Question: We live in an area of Yavapai County surrounded by national forest. Most of the privately owned land in this area is at least 5-acre parcels. Last year, a rancher split his 50-acre ranch into five 10-acre parcels and was able to sell all of the parcels except one 10-acre parcel. We have been told by a local real-estate broker that the rancher has now sold this last 10-acre parcel to an investor’s LLC for a much higher price than the four other 10-acre parcels. In addition, the investor’s LLC does not have to make any mortgage payments to the rancher for one year. The investor has no personal liability for the mortgage payments. This investor immediately began marketing this 10-acre parcel to potential buyers as five 2-acre parcels. We believe that the rancher and this investor are violating the subdivision laws because they are conspiring to make more money by selling five 2-acre parcels than one 10-acre parcel. All of the property owners in this area would like to continue to have most of the privately owned land in this area of Yavapai County be at least 5-acre parcels. Is there anything that we can do to prevent the sale of these five 2-acre parcels?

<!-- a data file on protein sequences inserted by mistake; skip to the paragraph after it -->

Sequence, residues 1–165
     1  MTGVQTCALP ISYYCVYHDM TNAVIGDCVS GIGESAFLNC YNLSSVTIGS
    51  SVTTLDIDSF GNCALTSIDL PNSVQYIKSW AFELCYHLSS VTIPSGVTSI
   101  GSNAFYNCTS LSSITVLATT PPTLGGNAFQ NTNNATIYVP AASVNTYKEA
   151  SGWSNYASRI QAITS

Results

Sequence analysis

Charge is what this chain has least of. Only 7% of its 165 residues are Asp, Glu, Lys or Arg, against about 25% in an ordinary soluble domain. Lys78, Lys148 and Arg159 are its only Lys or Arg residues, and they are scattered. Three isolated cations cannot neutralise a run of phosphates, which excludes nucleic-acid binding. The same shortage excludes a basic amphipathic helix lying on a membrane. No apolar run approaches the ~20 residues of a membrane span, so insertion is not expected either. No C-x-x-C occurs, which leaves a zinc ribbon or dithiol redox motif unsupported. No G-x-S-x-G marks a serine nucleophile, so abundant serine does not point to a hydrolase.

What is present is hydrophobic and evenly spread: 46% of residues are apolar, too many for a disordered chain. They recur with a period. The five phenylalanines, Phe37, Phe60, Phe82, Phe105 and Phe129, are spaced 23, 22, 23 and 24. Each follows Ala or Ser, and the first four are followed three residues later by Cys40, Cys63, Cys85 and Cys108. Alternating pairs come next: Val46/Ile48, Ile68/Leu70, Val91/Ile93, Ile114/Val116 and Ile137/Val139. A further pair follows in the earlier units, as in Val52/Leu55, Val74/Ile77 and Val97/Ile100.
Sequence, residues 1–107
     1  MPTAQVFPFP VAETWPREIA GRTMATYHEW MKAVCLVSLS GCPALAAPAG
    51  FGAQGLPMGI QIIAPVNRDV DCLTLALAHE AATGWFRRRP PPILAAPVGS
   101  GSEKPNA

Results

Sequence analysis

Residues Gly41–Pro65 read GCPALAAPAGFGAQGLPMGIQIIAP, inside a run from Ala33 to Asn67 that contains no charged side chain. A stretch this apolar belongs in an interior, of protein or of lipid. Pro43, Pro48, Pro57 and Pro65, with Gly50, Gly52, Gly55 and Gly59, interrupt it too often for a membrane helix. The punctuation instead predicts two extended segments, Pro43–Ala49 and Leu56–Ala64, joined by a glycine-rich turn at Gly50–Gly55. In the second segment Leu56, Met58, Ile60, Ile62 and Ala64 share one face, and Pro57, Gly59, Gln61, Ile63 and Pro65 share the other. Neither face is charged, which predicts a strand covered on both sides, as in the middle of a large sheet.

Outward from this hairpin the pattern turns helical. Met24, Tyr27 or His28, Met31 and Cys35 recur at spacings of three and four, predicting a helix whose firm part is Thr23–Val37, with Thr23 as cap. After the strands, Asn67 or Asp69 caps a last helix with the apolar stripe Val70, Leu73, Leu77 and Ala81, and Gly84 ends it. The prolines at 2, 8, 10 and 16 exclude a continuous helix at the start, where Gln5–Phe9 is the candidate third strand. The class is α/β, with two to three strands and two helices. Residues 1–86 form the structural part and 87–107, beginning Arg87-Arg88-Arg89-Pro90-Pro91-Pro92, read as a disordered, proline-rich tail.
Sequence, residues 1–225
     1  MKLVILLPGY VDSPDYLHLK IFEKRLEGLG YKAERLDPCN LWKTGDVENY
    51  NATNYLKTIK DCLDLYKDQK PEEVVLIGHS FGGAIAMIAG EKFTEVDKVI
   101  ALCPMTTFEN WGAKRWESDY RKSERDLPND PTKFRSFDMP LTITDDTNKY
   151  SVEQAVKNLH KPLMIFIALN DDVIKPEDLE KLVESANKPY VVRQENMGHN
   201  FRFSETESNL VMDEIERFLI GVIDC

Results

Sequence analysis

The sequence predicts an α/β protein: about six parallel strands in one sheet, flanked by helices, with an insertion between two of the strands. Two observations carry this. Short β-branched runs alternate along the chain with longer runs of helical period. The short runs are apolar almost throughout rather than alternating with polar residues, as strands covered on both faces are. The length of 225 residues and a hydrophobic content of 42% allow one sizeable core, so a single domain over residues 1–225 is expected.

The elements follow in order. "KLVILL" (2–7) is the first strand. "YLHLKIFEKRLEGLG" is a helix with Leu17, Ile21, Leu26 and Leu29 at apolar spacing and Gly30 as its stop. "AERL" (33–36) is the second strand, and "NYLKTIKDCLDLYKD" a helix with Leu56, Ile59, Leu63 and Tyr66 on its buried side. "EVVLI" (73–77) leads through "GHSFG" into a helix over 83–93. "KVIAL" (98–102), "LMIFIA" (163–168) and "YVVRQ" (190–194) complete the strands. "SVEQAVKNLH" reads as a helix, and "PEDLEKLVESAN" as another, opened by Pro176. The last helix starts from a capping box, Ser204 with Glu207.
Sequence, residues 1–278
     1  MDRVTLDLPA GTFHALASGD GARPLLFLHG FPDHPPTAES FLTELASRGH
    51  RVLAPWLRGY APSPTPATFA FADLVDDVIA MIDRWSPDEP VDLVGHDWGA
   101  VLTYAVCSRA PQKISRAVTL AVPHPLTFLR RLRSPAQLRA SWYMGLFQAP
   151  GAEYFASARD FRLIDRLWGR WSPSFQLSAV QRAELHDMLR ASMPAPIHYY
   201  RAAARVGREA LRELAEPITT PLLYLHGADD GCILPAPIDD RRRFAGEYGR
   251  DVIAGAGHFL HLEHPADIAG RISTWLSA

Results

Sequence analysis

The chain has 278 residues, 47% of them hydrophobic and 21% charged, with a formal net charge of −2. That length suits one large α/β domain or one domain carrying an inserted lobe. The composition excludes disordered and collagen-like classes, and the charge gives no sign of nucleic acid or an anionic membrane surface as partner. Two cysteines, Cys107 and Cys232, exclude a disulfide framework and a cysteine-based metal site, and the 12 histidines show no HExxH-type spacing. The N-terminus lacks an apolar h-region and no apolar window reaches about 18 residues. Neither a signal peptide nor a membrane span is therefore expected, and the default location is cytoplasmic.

Answer: Under subdivision regulations in Arizona, an owner of land is entitled to split his land into five parcels for sale. This owner is then exempt from complying with certain requirements of these subdivision regulations — that is, filing a public report with the Arizona Department of Real Estate. Therefore, the rancher was allowed to split his 50-acre ranch into five 10-acre parcels for sale without complying with those requirements. The investor’s LLC was also allowed to split that last ten-acre parcel into five 2-acre parcels for sale without complying with those requirements. The subdivision regulations, however, prohibit individuals from “acting in concert” to avoid those requirements. In other words, there would be a violation of the subdivision regulations if the rancher and investor were “acting in concert” — conspiring — to avoid the subdivision regulations in the sale of that last 10-acre parcel. Therefore, you should contact an attorney to discuss the filing of a lawsuit requesting injunctive relief to prohibit the sale of the five 2-acre lots. You also can file a complaint with the Arizona Department of Real Estate.

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